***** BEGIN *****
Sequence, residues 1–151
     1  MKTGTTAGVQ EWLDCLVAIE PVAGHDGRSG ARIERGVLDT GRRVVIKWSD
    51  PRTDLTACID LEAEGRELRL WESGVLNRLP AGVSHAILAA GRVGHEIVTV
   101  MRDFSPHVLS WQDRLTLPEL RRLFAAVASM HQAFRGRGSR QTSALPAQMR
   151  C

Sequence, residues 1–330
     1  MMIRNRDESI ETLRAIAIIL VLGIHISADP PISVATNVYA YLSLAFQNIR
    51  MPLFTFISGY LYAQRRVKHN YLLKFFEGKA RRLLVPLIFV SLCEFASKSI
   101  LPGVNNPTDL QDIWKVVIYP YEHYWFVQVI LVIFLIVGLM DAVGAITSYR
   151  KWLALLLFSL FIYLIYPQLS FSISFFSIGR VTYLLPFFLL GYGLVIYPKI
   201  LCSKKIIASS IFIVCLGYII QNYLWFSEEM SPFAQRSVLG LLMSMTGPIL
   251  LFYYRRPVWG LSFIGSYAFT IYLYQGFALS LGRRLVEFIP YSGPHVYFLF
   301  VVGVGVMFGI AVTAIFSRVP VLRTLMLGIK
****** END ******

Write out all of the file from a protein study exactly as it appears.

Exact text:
Sequence, residues 1–151
     1  MKTGTTAGVQ EWLDCLVAIE PVAGHDGRSG ARIERGVLDT GRRVVIKWSD
    51  PRTDLTACID LEAEGRELRL WESGVLNRLP AGVSHAILAA GRVGHEIVTV
   101  MRDFSPHVLS WQDRLTLPEL RRLFAAVASM HQAFRGRGSR QTSALPAQMR
   151  C

Sequence, residues 1–330
     1  MMIRNRDESI ETLRAIAIIL VLGIHISADP PISVATNVYA YLSLAFQNIR
    51  MPLFTFISGY LYAQRRVKHN YLLKFFEGKA RRLLVPLIFV SLCEFASKSI
   101  LPGVNNPTDL QDIWKVVIYP YEHYWFVQVI LVIFLIVGLM DAVGAITSYR
   151  KWLALLLFSL FIYLIYPQLS FSISFFSIGR VTYLLPFFLL GYGLVIYPKI
   201  LCSKKIIASS IFIVCLGYII QNYLWFSEEM SPFAQRSVLG LLMSMTGPIL
   251  LFYYRRPVWG LSFIGSYAFT IYLYQGFALS LGRRLVEFIP YSGPHVYFLF
   301  VVGVGVMFGI AVTAIFSRVP VLRTLMLGIK